Prescription seed technology coming soon

Roundup Ready seed with built in resistance to glyphosate opened the doors to a new era of crop production. Double and triple stacked genes provided more flexibility.

Now, a new genetic platform will allow multiple genes with multiple traits from a single cell site, allowing growers to literally design a seed that addresses all their known production problems.

At the forefront of this newest era of crop production is a new genetic platform developed by Dow and called Exzact Precision Technology. It can be used across plants, algae and fungus. In addition to benefiting row crop farmers, the new technology has the potential to revolutionize development of biomass and algal and fungal species used for biofuel production.

Vipula Shukla, project leader for Exzact at Dow Agro Sciences is a long-time scientist who says the new technology is something she has dreamed of for a long time. It will open up so many more crop production advantages to farmers and can have an impact globally on our ability to produce more food on fewer acres and with less negative impact on our environment,” she says.

The new gene transfer platform is based on utilizing proprietary Zinc-Finger Nucleases (ZFNs) for trait engineering.

Developing a stacked trait typically means developing a trait in one line or variety. Then, combine a different trait in another line or variety and then through conventional breeding these are combined. The process is extremely difficult and it maxes out as you combine a number of traits.

The new Dow platform can cut that time in half, if not more by consolidating and condensing the breeding process. It also allows seed companies to put in multiple genes and traits that can be used as a foundation for their breeding programs.

The new technology can be used to add trans-genes at pre-specified, targeted locations within the genomes. Using Exzact Technology, scientists also can take out specific gene functions.

“For example, if we know what gene causes a peanut plant to be susceptible to white mold, we could remove that gene, modify it or disrupt it.

The new system of gene improvement also allows for adding genes, like Dow’s proprietary herbicide trait DHT that is scheduled to be released in 2010.

“I think of it as the agriculture version of personalized medicine. We have the capability to allow us ahead of time to decide what specific genetic modifications we want to make. We can do this quickly, with a high level of success,” Shukla says.

In the cotton industry, the new technology may allow U.S. cotton growers to grow longer fiber with the quality characteristics that make it more desirable to the spinning systems used in Asia and Central America where most of the world’s cotton is spun.

As we learn more about the genome of cotton, for example, it allows the molecular geneticists to make better predictions as to which gene is responsible for disease susceptibility, irrigation response, drought response. With fewer hypotheses from that side of the equation, the new technology can further reduce the time needed to get cottonseed that addresses these production issues to farmers.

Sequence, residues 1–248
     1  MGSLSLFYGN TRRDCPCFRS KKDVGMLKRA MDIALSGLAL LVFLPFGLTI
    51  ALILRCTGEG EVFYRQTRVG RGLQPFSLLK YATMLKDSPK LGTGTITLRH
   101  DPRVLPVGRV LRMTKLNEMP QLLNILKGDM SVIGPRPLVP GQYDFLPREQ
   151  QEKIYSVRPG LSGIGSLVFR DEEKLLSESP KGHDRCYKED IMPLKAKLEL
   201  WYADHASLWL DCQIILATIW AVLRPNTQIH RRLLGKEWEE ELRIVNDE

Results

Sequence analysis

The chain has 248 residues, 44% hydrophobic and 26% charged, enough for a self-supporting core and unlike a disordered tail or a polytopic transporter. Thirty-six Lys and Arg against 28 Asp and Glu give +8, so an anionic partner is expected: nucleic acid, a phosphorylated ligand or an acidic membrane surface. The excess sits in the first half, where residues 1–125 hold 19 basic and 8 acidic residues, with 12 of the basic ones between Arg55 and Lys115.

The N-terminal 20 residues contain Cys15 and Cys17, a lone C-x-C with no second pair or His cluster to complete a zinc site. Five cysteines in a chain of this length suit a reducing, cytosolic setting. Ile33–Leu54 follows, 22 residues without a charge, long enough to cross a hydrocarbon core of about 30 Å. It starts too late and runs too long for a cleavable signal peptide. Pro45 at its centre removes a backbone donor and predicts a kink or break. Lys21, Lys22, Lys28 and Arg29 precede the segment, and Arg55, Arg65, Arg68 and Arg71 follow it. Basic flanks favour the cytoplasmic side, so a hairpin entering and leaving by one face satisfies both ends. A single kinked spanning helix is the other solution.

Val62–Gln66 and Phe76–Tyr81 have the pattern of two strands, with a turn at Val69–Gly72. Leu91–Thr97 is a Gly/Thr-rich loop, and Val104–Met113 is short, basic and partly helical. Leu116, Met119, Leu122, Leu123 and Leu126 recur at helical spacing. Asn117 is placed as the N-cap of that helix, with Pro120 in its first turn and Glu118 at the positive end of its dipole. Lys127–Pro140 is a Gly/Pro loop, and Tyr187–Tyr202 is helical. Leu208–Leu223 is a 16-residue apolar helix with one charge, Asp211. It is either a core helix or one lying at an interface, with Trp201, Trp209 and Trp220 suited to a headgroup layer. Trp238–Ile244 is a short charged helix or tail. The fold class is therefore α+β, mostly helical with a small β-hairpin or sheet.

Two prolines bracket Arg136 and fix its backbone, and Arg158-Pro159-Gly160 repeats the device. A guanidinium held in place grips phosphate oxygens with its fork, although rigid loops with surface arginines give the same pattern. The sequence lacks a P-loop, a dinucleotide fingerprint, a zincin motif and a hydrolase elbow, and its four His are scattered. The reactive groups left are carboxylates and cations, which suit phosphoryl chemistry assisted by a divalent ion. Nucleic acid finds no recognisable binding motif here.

“The biology of any plant is very complex. The genetic changes we are making are very specific. We can add a gene or take away a gene, if we know that gene is responsible for a specific activity within the plant. But the safety of the process is that these genetic changes don’t affect the millions of other biological processes that go on within the plant. While we can target and change multiple genes within a plant, these changes don’t affect other genes that can be good or bad in terms of agricultural production,” Shukla says.

With this new technology scientists can make changes by editing or rewriting native genes that are already in the plant. In these cases, no foreign DNA is introduced into the gene. Though not as dramatic as gene transfer, the re-designing of the genome can allow plants to develop over a period of years.

In the short-term, Shukla says farmers can expect to see the rapid acceleration of traits in many varieties across many crops. For example, herbicide, insect, disease-stacked tolerance traits will be developed rapidly and produce higher quality, more reliable products.

“In the mid- and long-term we are looking forward to new and unique products that could not have been developed until now, For example, drought tolerant plants simply could not be developed with conventional gene technology,” Shukla says.

Though Dow currently has exclusive rights to Exzact Precision Technology, Shukla says through agreements with other companies, she anticipates the technology will be used across the industry, making virtually any crop and trait available through the entire seed distribution channel to farmers in the future.

One of the constant complaints by farmers of the current generation of genetically altered seed is yield drag. Getting the traits they want in the varieties they want has been an ongoing challenge for all seed companies.

Shukla says one of the advantages of the new technology is by deciding ahead of time where to insert a particular trait, “We can prevent or minimize the negative affects of conventional biotech, which is random integration. One of the ways we can mitigate the yield drag issue is to select a safe harbor, or safe landing pad, within the genome where we can insert the desired genetic traits,” Shukla explains.

Agriculture is poised to enter a new era of crop production with virtually unlimited opportunities to overcome production problems and mitigate the influence of weather problems that have plagued farmers from the time man first tilled the soil for food.